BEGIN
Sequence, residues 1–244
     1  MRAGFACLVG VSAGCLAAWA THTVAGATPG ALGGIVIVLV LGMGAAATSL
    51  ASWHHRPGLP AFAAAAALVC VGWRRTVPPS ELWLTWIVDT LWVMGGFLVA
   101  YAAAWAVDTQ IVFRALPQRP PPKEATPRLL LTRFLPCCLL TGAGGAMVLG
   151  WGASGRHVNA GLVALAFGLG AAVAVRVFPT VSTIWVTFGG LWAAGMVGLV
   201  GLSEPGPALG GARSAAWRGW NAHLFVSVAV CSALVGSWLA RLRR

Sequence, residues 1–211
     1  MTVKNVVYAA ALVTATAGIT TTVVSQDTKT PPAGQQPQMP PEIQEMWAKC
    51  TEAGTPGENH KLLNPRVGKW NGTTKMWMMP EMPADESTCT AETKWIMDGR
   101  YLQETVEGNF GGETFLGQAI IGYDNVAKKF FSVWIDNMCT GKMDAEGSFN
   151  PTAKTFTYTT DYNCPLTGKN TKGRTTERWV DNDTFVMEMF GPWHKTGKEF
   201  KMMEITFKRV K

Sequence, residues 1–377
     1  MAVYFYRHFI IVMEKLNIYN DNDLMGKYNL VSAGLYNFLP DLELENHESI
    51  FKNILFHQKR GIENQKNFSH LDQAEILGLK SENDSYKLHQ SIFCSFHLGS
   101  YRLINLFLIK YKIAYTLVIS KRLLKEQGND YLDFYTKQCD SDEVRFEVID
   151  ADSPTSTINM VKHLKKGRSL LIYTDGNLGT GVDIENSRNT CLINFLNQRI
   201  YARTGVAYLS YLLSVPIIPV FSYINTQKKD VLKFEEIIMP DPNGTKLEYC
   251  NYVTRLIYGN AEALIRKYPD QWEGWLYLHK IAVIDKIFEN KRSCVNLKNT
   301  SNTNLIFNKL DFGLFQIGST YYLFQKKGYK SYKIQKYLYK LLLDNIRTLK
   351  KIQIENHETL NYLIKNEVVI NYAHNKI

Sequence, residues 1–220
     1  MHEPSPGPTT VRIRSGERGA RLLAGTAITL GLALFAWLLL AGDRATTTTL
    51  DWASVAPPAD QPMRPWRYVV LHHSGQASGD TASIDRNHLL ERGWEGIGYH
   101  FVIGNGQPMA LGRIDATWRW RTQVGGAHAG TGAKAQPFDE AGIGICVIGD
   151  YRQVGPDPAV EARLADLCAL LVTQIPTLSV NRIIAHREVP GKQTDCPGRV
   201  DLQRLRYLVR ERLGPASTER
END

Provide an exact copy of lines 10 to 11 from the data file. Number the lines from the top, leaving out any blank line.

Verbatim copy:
   101  YLQETVEGNF GGETFLGQAI IGYDNVAKKF FSVWIDNMCT GKMDAEGSFN
   151  PTAKTFTYTT DYNCPLTGKN TKGRTTERWV DNDTFVMEMF GPWHKTGKEF